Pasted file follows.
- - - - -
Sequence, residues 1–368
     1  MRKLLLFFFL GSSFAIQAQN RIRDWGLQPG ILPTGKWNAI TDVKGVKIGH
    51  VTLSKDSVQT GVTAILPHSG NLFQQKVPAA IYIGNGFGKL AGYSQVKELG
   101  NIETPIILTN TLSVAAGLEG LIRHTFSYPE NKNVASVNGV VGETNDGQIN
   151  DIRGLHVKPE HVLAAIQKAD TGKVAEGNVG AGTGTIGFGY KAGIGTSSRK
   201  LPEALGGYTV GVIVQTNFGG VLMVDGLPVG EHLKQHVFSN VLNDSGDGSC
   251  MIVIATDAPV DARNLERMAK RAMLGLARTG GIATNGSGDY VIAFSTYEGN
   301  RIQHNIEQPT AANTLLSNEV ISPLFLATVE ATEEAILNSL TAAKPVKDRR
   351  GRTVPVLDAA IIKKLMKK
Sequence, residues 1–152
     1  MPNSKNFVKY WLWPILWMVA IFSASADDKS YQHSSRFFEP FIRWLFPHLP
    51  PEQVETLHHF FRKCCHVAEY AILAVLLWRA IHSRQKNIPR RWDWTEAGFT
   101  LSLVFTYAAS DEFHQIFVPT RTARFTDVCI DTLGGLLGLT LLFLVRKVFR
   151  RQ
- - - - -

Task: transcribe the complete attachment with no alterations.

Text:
Sequence, residues 1–368
     1  MRKLLLFFFL GSSFAIQAQN RIRDWGLQPG ILPTGKWNAI TDVKGVKIGH
    51  VTLSKDSVQT GVTAILPHSG NLFQQKVPAA IYIGNGFGKL AGYSQVKELG
   101  NIETPIILTN TLSVAAGLEG LIRHTFSYPE NKNVASVNGV VGETNDGQIN
   151  DIRGLHVKPE HVLAAIQKAD TGKVAEGNVG AGTGTIGFGY KAGIGTSSRK
   201  LPEALGGYTV GVIVQTNFGG VLMVDGLPVG EHLKQHVFSN VLNDSGDGSC
   251  MIVIATDAPV DARNLERMAK RAMLGLARTG GIATNGSGDY VIAFSTYEGN
   301  RIQHNIEQPT AANTLLSNEV ISPLFLATVE ATEEAILNSL TAAKPVKDRR
   351  GRTVPVLDAA IIKKLMKK
Sequence, residues 1–152
     1  MPNSKNFVKY WLWPILWMVA IFSASADDKS YQHSSRFFEP FIRWLFPHLP
    51  PEQVETLHHF FRKCCHVAEY AILAVLLWRA IHSRQKNIPR RWDWTEAGFT
   101  LSLVFTYAAS DEFHQIFVPT RTARFTDVCI DTLGGLLGLT LLFLVRKVFR
   151  RQ